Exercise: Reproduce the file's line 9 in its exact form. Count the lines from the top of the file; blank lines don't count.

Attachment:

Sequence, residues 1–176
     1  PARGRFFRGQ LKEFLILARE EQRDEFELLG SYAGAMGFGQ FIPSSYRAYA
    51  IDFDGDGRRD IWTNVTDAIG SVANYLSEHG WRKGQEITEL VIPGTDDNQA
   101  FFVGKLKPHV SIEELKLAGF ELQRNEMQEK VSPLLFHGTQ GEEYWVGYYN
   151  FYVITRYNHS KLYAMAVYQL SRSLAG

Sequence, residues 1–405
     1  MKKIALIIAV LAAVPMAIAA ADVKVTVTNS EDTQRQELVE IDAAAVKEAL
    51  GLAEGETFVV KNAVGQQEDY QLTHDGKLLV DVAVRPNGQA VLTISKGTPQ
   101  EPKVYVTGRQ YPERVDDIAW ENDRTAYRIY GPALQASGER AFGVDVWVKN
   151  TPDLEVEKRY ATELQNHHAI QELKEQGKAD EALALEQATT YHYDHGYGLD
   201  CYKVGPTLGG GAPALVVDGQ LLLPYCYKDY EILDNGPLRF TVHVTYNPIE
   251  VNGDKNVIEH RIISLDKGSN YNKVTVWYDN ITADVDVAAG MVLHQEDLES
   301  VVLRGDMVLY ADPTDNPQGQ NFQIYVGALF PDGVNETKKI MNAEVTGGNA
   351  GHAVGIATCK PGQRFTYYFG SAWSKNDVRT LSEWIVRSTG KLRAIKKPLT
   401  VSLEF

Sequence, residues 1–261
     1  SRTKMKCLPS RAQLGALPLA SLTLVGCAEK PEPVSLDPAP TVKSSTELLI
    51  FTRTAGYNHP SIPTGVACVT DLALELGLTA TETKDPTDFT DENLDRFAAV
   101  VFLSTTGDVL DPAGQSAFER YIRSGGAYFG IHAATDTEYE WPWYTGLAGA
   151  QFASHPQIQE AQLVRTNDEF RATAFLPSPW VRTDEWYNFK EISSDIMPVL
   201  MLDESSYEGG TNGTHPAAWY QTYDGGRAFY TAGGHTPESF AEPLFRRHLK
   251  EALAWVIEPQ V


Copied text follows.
   101  EPKVYVTGRQ YPERVDDIAW ENDRTAYRIY GPALQASGER AFGVDVWVKN